Her first big novel, Riders was published in 1985 and went straight to number one in the bestseller lists, as did Rivals published in 1988. Polo, which was published in 1991, was the highest selling hardback novel of the year. The Man Who Made Husbands Jealous, which was published in April of 1993 went straight into the number one position too and remained there for eight weeks. All of these books have sold well over 1 million copies each in their UK editions.

Riders was her first novel to be adapted for a major two part mini-series for television. It achieved an astounding 9 million viewers for the first episode and 15 million for the second. In March 1997 The Man Who Made Husbands Jealous was shown on ITV to similar audiences.

In April 1996 Jilly Cooper’s twelfth novel Appasionata was published by Bantam Press. It received acres of press coverage and was a runaway bestseller, going straight into the number one position on The Sunday Times list – it remained there until 12th May 1996. In 1998, Jilly received a Lifetime Achievement Award at the British Book Awards.

Jilly Coooper’s thirteenth novel Score! was published in May 1999 by Bantam Press. It follows on from Appassionata with many of her best loved characters reappearing, including the irrepressible Rupert Campbell-Black and the arch villain Sir Robert Rannaldini. The Corgi paperback edition was published in March 2000 and went straight to number one, selling over 500,000 copies to date.

Animals in War, Jilly Cooper’s much loved classic depiction of animals in wartime, was reissued in March 2000 to coincide with the launch of the Animals In War Memorial Campaign. Jilly Cooper is one of the patrons of this campaign. A memorial to animals in war was unveiled in Park Lane in November 2004.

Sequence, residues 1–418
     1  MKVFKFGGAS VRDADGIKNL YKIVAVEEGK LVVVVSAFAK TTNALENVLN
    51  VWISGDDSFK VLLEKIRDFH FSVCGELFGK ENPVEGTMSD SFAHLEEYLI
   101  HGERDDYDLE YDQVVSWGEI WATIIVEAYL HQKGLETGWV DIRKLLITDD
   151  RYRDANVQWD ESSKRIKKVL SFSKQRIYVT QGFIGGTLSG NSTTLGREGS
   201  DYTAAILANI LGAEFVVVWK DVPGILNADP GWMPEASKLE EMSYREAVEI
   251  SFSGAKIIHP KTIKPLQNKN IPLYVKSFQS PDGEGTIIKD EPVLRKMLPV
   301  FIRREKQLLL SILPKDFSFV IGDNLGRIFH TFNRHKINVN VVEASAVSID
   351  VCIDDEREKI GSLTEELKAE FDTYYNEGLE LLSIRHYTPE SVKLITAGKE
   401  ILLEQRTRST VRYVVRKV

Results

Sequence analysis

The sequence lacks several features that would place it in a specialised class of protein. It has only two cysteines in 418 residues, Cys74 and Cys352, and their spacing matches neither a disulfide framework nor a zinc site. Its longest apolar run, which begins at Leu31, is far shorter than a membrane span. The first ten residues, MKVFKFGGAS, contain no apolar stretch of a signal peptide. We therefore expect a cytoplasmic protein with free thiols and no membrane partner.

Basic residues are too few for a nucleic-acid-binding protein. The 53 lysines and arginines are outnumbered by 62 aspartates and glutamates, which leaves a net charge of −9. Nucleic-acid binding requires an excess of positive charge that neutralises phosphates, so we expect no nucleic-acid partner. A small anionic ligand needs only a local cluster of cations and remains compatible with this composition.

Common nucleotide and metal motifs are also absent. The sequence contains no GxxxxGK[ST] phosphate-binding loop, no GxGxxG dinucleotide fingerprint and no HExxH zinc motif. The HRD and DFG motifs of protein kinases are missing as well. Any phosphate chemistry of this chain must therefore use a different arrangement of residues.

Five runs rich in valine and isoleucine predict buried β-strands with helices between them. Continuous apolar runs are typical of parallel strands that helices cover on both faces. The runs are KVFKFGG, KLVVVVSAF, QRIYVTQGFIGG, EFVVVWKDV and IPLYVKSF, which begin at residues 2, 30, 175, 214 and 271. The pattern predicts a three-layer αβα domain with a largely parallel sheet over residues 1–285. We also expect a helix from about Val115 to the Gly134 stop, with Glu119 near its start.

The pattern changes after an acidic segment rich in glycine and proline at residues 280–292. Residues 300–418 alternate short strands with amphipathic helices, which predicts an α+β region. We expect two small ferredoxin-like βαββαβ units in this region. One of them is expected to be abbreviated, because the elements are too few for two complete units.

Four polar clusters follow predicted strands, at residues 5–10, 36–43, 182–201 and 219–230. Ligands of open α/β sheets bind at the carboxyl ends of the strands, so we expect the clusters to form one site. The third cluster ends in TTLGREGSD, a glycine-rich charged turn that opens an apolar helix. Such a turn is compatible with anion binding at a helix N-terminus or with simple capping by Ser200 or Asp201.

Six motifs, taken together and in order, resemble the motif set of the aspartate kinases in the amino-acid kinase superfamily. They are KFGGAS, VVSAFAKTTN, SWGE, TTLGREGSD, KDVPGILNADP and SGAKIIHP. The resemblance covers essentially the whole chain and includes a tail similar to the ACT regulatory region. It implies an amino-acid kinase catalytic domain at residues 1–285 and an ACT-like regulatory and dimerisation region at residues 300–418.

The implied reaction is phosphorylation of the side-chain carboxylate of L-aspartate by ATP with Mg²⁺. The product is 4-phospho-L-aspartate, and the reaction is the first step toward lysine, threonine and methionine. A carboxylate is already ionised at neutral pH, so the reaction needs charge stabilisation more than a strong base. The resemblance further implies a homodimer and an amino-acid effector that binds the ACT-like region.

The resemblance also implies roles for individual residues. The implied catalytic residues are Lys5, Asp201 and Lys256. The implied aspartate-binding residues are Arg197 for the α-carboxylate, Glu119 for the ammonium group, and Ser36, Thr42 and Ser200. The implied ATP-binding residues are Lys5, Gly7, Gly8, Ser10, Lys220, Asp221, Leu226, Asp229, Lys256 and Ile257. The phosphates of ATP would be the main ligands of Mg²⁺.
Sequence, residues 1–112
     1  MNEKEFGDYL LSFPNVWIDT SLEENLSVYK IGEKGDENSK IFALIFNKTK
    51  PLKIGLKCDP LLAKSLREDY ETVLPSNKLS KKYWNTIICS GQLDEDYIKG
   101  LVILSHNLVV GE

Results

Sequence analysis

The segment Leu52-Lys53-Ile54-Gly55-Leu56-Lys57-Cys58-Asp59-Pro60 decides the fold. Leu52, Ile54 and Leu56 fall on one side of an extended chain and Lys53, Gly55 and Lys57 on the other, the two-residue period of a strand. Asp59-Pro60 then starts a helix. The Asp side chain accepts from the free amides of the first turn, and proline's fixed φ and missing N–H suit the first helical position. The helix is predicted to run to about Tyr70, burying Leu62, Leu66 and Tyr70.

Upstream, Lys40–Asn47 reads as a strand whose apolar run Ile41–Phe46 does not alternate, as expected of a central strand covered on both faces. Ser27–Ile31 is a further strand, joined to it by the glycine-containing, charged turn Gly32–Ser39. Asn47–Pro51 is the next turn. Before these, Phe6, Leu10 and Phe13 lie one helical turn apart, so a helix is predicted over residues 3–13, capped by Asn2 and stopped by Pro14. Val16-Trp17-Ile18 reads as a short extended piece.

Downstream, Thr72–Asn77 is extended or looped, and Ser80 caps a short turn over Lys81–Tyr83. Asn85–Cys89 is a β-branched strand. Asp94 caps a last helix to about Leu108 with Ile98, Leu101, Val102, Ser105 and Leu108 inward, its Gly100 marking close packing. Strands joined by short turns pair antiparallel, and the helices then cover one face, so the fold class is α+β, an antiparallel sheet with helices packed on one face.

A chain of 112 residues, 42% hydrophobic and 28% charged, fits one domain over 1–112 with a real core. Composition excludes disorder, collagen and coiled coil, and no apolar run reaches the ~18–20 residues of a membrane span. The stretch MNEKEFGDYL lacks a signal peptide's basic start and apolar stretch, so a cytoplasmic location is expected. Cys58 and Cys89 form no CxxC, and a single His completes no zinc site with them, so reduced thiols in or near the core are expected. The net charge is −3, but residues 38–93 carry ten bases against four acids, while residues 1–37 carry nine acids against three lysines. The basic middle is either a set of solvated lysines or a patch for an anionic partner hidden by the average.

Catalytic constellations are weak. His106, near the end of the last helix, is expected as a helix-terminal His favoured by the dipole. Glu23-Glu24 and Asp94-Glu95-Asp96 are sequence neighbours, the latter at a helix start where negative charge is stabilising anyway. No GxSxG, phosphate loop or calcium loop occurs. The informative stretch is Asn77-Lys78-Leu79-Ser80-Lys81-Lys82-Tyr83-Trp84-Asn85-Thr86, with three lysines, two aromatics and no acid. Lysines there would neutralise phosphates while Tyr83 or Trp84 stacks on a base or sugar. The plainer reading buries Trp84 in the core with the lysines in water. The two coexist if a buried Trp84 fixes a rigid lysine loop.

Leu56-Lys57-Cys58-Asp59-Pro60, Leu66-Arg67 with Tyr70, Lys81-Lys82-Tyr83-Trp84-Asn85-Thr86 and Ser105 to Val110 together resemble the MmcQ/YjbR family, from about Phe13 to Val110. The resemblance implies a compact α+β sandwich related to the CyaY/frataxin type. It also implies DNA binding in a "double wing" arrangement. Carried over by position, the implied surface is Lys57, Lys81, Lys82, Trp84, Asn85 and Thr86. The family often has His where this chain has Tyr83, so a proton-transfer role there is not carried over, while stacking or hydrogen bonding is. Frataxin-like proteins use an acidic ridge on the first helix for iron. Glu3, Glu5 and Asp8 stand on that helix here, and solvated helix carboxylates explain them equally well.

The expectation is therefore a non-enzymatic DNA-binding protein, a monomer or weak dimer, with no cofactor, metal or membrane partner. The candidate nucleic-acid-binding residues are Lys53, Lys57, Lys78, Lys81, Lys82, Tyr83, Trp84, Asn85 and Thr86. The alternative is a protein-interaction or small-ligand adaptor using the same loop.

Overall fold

Jilly Cooper’s fourteenth novel, Pandora, was published in 2002 and was on the bestseller list for 19 weeks. It is set in the dazzling and glitzy international art world with favourite and much-loved characters such as Rupert Campbell-Black making cameo appearances. Jilly Cooper’s books have sold over 11 million copies in the UK alone. Her books have been translated into Dutch, French, Italian, Spanish, German, Greek, Japanese, Norwegian, Swedish, Polish, Russian, Finnish, Hungarian and Lithuanian as well as being published in The United States.

In June 2004 Jilly was awarded the O.B.E for Services to Literature, and in July she received the Variety Club Heart of Yorkshire Award for Services to the Media.

Also in 2004, Tesco readers voted Riders 1st and Rivals 11th in their list of all time best beach reading ever. Rivals was also voted 28th in a list of ‘50 contemporary essential reads’ by visitors to the Hay-on-Wye Literary Festival.

Her fifteenth novel Wicked! about an independent boarding school forming a partnership with a comprehensive school, was published in May, 2006. It was number one on the bestseller list for five weeks.

Her latest novel, Jump!, is about a grandmother, Etta, who, having moved to a Cotswold village, finds escape from her demanding family by rescuing an abandoned and abused filly. Having nursed her back to health, Etta discovers the filly is a seriously good race horse and forms a syndicate with other village characters to put her into training. To aid her research, Jilly joined a syndicate called Thoroughbred Ladies who own three horses trained by Tom and Sophie George in the Slad Valley.

In 2009, Jilly was awarded an honorary doctorate by Gloucestershire University for services to Literature and the county.

Back to 2008 notes